(D) to do it in
  15. With eyes moving independently of each other, ______ and predatorsmore easily.
    (A) seahorses’ ability to spot potential food
    (B) spotting potential food by seahorses
    (C) seahorses are able to spot potential food
    (D) the potential ability of seahorses to spot food
  16. The early 1980s, El Nino caused greater than average precipitation along the west coast of NorthAmerica.
  17. The zebra has excellent hearing and a good sense of smelling, but lacks sharp eyesight.
  18. Lanoxin, used for the treatment of heart failure, may cause irregular heart rhythm if it is using in
    increased doses.
  19. One new strategy for to control malaria is using pesticides-treated bed nets which protect people from mosquitoes.
  20. Beagles have better scent receptors than other dogs, and show no aggressive toward people.
  21. Brazil hit the energy jackpot when Petrobars, the state energy company, struck oil in giant fields deep below the floor of Atlantic Ocean.
    Directions: In questions 16-40 each sentence has four underlined words or phrases. The four underlined parts of the sentence aremarked (A), (B), (C), and (D). Identify the one underlined word or phrase that must be changed in order for the sentence to be grammatically correct. Then, on your answer sheet, find the number of the question and fill in the space that  orresponds to the letter of the answer you have chosen.
    Example I
    Meadowlarks are about the same size than robins.
    but they have heavier bodies, shorter tails, and longer bills.
    The sentence should read. “Meadowlarks are about the same size as robins, but they have heavier bodies, shorter tails, and longer bills.” Therefore, you should choose answer (B).
    Example II
    When overall exports exceed imports, a country said to have a trade surplus.
    The sentence should read, “When overall exports exceed imports, a country is said to have a  trade surplus.” Therefore, you should choose answer (C).
    Now begin work on the questions.
    6
    A B C D
    A B C D
    Sample Answer
    A B C D
    Sample Answer
    A B C D
    A B C D
    A B C D
    A B C D
    A B C D
    A B C D
    A B C D
  22. It takes time and education to eliminate prejudice in striving to implementing equal rights for women.
  23. The report reveals that the entire U.S. seaweed harvest come from the coastal waters off South California.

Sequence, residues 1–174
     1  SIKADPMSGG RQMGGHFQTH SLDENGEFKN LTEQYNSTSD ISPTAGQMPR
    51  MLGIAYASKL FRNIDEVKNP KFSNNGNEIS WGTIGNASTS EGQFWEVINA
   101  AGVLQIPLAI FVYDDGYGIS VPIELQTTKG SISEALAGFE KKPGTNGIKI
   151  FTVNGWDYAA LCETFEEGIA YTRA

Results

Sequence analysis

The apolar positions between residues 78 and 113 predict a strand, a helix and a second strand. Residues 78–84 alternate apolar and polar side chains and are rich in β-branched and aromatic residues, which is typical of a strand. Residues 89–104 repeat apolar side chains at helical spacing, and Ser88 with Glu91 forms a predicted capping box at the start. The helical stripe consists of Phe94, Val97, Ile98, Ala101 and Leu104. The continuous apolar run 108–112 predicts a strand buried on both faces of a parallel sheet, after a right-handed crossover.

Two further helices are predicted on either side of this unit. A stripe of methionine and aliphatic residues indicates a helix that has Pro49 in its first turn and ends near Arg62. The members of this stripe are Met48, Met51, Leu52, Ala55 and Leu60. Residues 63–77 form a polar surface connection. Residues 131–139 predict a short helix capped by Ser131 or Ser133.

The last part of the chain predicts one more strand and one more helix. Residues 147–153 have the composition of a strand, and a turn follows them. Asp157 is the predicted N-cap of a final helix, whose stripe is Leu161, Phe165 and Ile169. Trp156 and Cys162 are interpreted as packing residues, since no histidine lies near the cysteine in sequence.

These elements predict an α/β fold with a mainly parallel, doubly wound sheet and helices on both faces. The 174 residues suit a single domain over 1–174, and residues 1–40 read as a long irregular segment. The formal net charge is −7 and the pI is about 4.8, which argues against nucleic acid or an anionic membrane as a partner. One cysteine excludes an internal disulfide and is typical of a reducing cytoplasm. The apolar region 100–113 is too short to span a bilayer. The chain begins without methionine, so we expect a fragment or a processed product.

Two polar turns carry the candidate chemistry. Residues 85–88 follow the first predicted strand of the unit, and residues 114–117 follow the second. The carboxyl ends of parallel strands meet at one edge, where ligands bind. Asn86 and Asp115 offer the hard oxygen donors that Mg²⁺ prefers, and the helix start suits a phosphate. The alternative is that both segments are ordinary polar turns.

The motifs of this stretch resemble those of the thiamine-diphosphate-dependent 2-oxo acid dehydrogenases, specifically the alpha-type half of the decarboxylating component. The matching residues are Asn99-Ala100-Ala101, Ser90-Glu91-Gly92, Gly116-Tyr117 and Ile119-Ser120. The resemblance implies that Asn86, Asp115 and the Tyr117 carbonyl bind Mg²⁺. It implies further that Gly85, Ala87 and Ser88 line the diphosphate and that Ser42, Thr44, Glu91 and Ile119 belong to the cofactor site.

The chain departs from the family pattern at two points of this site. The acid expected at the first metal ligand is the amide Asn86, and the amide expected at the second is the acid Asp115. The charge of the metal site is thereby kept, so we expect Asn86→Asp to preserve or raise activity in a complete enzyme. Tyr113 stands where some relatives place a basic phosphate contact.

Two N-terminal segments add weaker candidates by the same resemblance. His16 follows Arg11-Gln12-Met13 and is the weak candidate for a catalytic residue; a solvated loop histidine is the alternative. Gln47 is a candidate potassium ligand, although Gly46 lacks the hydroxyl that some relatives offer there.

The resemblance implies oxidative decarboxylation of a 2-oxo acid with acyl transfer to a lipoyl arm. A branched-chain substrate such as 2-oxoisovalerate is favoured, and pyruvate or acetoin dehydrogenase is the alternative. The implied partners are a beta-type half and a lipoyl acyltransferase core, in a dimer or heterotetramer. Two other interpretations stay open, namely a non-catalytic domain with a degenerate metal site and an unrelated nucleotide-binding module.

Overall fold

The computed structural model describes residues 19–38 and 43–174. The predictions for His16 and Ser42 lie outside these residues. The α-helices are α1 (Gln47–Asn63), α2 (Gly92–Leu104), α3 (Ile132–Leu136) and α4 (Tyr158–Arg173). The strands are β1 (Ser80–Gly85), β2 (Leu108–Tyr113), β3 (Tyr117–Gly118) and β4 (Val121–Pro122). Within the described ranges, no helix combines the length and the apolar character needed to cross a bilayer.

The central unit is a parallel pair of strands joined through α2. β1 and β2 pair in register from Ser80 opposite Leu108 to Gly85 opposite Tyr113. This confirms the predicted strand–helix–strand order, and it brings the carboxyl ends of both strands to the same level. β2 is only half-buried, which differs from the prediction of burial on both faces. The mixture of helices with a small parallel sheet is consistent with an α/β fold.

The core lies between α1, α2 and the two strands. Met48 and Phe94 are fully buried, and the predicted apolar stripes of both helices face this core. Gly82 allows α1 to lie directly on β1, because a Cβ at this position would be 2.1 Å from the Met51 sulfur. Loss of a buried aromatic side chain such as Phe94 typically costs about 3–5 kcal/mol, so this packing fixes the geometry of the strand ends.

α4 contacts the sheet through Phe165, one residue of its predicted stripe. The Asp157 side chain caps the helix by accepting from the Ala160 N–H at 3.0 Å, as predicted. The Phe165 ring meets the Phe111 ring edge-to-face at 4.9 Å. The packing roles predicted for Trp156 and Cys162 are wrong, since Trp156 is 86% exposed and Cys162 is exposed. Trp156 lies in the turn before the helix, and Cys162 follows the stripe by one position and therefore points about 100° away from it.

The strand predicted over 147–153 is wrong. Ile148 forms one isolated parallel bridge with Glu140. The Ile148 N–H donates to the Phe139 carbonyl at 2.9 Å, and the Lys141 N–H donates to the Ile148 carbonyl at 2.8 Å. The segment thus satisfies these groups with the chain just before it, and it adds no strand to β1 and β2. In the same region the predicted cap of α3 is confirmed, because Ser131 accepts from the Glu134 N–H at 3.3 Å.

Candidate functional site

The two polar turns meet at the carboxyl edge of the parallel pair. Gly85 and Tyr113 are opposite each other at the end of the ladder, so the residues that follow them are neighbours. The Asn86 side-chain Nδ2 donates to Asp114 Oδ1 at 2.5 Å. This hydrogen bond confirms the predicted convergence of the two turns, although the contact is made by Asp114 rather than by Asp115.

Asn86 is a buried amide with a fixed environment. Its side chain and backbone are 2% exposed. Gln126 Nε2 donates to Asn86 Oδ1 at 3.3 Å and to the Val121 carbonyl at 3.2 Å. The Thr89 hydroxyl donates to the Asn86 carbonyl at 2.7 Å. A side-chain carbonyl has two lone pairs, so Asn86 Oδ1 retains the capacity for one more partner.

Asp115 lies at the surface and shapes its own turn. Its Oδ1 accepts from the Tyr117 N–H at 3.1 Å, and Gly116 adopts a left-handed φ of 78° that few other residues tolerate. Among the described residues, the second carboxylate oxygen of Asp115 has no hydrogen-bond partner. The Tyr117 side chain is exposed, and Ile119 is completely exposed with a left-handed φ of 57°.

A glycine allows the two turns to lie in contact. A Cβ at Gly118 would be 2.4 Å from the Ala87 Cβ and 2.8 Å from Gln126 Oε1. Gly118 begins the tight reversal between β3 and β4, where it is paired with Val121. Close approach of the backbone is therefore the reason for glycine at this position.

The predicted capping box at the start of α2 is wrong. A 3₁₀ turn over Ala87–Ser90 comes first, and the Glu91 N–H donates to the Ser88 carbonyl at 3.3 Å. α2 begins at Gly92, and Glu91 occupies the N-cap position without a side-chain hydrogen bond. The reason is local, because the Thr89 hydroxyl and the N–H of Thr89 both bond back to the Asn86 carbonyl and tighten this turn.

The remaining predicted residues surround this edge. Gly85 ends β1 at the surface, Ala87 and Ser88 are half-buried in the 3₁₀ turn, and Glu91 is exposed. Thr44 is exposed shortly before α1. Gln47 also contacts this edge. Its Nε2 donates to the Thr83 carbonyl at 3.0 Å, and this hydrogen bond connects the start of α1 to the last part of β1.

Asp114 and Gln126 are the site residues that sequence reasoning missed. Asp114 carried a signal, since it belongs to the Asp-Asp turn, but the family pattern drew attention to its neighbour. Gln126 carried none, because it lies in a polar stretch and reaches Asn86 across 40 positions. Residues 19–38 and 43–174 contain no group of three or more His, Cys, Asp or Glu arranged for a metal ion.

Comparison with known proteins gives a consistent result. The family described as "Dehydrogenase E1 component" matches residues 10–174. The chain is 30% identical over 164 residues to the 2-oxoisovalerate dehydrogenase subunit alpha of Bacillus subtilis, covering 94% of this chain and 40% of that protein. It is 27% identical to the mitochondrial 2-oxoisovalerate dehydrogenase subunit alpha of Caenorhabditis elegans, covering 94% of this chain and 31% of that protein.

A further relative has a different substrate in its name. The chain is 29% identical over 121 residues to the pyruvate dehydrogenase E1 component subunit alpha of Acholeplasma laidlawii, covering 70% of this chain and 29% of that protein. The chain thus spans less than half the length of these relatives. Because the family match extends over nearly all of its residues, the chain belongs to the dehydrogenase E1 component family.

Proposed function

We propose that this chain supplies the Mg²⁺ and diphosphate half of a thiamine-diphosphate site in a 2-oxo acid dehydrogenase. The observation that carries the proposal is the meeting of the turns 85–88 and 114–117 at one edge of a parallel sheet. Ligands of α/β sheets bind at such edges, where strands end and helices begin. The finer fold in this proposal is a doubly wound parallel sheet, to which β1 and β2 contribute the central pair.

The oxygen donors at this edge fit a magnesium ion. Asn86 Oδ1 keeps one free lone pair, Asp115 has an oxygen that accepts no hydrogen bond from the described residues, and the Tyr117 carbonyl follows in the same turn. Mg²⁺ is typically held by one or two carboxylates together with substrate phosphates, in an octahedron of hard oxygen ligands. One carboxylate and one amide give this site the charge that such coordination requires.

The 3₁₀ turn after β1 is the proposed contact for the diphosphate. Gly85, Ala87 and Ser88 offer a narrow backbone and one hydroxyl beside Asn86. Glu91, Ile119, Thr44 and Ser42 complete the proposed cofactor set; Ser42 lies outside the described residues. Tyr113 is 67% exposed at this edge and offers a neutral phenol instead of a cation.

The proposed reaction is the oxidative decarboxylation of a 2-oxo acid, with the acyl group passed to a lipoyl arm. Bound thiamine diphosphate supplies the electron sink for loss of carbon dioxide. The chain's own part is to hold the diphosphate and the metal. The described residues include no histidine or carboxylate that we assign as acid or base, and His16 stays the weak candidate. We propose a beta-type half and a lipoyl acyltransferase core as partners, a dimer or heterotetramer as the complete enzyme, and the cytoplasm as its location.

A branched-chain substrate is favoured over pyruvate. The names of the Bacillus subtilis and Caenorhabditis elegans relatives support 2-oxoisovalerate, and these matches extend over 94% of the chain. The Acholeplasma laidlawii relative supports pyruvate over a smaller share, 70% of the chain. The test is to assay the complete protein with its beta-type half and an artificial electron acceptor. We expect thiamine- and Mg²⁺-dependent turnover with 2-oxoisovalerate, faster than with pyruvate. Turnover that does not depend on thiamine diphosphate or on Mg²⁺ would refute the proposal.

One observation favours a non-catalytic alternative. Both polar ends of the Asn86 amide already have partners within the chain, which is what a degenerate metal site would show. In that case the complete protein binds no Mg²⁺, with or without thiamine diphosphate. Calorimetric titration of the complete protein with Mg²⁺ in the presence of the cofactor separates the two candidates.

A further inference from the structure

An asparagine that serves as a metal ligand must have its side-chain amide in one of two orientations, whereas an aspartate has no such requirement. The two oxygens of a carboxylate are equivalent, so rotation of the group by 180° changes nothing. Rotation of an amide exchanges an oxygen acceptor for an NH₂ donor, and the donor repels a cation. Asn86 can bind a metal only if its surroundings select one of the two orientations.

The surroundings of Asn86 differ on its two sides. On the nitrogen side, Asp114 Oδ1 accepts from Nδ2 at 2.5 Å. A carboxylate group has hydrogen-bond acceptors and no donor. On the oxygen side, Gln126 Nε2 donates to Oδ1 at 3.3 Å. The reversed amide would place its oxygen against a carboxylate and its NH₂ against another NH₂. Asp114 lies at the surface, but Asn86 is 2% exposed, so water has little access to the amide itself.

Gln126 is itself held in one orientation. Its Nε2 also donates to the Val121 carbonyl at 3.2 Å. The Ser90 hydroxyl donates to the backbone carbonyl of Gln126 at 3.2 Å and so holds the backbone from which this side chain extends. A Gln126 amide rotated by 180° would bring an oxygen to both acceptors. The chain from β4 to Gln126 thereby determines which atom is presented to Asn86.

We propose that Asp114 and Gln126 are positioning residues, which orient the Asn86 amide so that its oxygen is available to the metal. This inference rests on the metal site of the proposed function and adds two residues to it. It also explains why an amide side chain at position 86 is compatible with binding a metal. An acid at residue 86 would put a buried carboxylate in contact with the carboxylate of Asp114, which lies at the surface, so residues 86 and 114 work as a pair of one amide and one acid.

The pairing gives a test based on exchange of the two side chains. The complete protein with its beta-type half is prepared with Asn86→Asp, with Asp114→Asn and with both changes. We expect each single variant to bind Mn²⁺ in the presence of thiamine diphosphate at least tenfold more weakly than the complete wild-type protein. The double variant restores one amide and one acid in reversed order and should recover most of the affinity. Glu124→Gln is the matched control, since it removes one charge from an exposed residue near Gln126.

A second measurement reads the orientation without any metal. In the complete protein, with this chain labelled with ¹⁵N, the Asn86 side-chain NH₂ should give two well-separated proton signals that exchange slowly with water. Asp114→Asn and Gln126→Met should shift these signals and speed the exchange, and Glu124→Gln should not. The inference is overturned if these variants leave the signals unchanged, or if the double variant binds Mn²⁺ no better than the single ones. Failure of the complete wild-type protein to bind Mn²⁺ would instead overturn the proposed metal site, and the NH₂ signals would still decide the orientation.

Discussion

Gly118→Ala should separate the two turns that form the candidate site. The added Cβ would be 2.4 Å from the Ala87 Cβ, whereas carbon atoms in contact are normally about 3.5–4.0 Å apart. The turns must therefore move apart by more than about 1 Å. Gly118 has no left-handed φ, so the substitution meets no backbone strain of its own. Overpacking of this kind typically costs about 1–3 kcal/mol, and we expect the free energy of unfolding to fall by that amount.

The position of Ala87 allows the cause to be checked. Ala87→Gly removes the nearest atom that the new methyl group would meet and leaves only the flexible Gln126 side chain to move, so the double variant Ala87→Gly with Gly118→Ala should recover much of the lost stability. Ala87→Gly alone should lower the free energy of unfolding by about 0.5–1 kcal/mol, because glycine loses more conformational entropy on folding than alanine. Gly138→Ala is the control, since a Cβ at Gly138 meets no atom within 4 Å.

24. It was not until 3000 years ago when seafarers traveling on the oceans used compasses to navigate their wooden ships
  25. Buildings account for about forty percent of our energy consumption; therefore, the effort increased energy efficiency is of primary importance.
  26. The owners of the French soft drink company Orangina is said to be near an agreement to sell the company to Suntory of Japan.
  27. The goal of fusion phycisist is to use the heat from a fusing plasma to keep the reaction going indefinitely without the need to pump in external energy.
  28. Themagnitude of the earthquake inWest Sumatra was such severe that three villages were deeply buried after deadly landslides came crashing down on them.
  29. A 32-year-old Germanmeteorologist by the name of Alfred L.Wegener contended that all the present continents used to form one supercontinent called as Pangaea.
  30. Between the late fifteenth and early seventeenth centuries, explorers paid by trading companies to create new trade routes and find new countries in the world.
  31. Some ancient fern-like plants covering the landmillions of years ago were as large like trees with giant fronds at the top of straight trunks.
  32. Often the size and weigh of a small truck, satellites take years to be built and launched at a cost that can exceed $10 billion.
  33. The balmy climate and beauty of Corfu, one of the Greek islands, havemade them a popular place for tourists around the world to spend their vacation.
    A B C D
    A B C D
    A B C D
    A B C D
    A B C D
    A B C D
    A B C D
    A B C D
    A B C D
    A B C D
    A B C D
    A B C D
    8 -2.1-
    THIS IS THE END OF SECTION 1
  34. Despite the pressures of the global recession, many companies are active involved in activities to lessen the impact of the financial crisis on the needy in society.
  35. Sent on a tradingmission to Japan in 1653, Hendrik Hamel, a bookkeeper for the Dutch East India Company, was shipwrecked on an island near from Korea.
  36. Indonesia has been known as the Spice Islands ever since spices brought to Europe and changed the taste buds of Europeans forever.
  37. The broad-tailed hummingbird nests on the lowest branch of an aspen tree as it provides a good view of  approaching predators, a clear flight path, and protect for its young.
  38. In his speech at the annual convention of the political party, the chairman did an emotional appeal for funds to help rebuild the region struck by the earthquake.